• Italian Sausage sheet pan meal, applesauce
  • Hamburgers, buns, carrots
  • Pizza, salad
  • Grilled pork chops, mashed potatoes (hopefully we'll have more potatoes by then), grilled broccoli

Friday, May 8, 2020

One week chick update

When last we spoke (about chicks), I wasn't getting any (chicks), at least not that day.  I had been assured that my Blue Cochin and Cream Legbar would be coming at the end of May, and that my California White, along with my bonus Speckled Sussex and Americana, would be coming the next week.

Imagine my surprise when I actually did get a call the next week, saying my chicks were in, and would I like to come pick them up at 1 p.m.?

So I picked up my California White and my two bonus chicks, and asked about the other chicks that were supposed to come at the end of the month.  Yes, they were still supposed to arrive.  Yes, the hatchery guaranteed they'd come.

In the week that they've been with us, the Minis, as we've chosen to call them, have settled in nicely.

This is Charlotte, the California White.
Charlotte is the loudest of the three, and is possibly the ring leader?  It's a little too soon to tell.  She is definitely plotting an escape, and I think she'll be capable of it before we know it.  Charlotte was the first to perch on the little roost, and she spends a lot of time there gazing longingly at the open top of the brooder.

This is Buttercup, the Speckled Sussex.
Buttercup likes to peck at Charlotte's feet when Charlotte is on the roost.  Buttercup is also super fast, zipping around the brooder, seemingly at random.  When I took the Minis out for their photo shoot, Buttercup decided to spend the whole time trying to dust bathe on the towel (I'm going to go get the girl a dust bath as soon as I'm done typing).  I took a short video, but I guess I must have deleted it accidentally when I was deciding which photos to show y'all.  That makes me sad.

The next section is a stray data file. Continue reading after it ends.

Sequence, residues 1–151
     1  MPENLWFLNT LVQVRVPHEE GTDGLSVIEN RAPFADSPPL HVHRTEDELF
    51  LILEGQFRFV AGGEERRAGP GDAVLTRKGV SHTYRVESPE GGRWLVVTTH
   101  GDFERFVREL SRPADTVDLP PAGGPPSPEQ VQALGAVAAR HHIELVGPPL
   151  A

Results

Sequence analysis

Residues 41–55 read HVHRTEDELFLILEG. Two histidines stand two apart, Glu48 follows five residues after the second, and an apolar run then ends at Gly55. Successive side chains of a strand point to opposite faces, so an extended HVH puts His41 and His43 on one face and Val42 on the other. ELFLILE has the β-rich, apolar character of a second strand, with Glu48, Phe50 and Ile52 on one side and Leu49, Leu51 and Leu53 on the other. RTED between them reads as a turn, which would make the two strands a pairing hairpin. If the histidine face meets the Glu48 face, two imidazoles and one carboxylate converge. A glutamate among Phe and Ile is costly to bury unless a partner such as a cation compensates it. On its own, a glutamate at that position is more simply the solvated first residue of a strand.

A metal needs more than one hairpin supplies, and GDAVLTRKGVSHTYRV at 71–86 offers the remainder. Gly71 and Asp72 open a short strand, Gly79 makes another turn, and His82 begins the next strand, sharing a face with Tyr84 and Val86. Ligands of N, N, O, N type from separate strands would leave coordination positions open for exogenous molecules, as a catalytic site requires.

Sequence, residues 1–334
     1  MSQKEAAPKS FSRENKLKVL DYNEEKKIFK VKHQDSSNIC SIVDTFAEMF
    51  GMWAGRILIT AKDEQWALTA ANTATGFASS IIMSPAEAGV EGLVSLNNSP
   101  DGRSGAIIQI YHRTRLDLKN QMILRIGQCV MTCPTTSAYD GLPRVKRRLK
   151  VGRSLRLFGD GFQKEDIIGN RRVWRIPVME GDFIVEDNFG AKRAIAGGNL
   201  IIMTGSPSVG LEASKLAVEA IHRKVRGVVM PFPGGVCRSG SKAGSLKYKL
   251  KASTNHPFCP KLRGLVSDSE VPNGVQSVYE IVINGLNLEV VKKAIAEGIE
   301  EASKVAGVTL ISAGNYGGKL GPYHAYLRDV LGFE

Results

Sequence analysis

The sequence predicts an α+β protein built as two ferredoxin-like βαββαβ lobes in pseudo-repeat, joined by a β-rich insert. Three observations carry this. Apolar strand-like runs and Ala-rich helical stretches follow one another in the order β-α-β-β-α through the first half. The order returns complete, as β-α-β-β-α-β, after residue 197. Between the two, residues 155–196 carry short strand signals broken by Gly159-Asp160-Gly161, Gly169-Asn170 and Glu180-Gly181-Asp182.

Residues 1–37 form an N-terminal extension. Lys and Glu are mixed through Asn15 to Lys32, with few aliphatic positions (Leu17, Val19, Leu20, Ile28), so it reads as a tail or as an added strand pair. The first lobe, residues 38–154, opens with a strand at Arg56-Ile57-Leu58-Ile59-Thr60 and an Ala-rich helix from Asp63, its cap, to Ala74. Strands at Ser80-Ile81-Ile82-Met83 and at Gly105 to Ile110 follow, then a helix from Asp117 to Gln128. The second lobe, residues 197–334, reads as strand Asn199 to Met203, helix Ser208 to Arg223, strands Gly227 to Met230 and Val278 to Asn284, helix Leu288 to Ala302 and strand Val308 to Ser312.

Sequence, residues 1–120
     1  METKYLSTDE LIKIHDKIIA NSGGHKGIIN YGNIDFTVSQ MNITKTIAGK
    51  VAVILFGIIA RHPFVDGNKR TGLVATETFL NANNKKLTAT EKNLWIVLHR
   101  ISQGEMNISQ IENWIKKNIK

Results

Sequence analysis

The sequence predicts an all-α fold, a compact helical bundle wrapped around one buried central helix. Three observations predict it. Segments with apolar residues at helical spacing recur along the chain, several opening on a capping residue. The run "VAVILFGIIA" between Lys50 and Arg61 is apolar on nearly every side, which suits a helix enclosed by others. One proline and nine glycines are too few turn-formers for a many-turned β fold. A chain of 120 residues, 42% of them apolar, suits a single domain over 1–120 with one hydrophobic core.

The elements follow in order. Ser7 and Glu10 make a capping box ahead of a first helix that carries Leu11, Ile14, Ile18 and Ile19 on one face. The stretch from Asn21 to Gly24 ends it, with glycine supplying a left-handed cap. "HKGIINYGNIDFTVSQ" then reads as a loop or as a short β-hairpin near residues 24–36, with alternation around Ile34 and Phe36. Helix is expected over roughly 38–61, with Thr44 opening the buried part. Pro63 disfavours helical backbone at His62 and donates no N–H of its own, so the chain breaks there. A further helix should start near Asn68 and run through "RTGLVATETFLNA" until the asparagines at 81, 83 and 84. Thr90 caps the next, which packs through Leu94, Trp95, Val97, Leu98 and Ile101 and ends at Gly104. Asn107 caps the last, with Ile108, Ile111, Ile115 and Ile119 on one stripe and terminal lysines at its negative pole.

This is Guacamole, the Americana.
She is so fluffy!  Guac is the biggest, and also the calmest, of this group of chicks.  She seems pretty laid back.

Unfortunately, Guacamole has developed a cross beak. 
See how her bottom beak doesn't line up with the top?  This can be caused by weak genetics or improper incubation temperature or just bad luck.  A cross beak makes it difficult for a chicken to eat or drink, and because of that, it can be a fatal condition.  There's nothing that can be done about the cross beak, unfortunately.  Nothing will make it better.  So far, she's eating and drinking well, and if she does start to have a problem, there are some things we can do for her to make eating and drinking easier, but her future is uncertain.

I got another call from the feed store yesterday.  Apparently, all of the Cream Legbars are sold out for the season.  And the Blue Cochins are all spoken for.  Yup, the very same ones that the hatchery guaranteed would be available at the end of May.  Would I like an olive egger and a light brahma?  Yeah.  No.  No more chicks for us this year.  Maybe we'll try again next year.  Or not.  Although I think a lot of hatcheries have been having trouble keeping up with demand, and it's not the feed store's fault, I don't think I'll order chicks through this particular feed store again.  I'll go with a store that orders from a larger hatchery.

What a strange and disappointing chick season.  Of the three chicks I ordered, I actually received one, and of the three chicks I received, one has a potentially fatal condition.  Ugh.

Nonetheless, I am happy to have the chicks that I do, for as long as they're with me. And, on the bright side, chick care has become a lot less complicated now that we're not getting a second set of chicks four weeks later.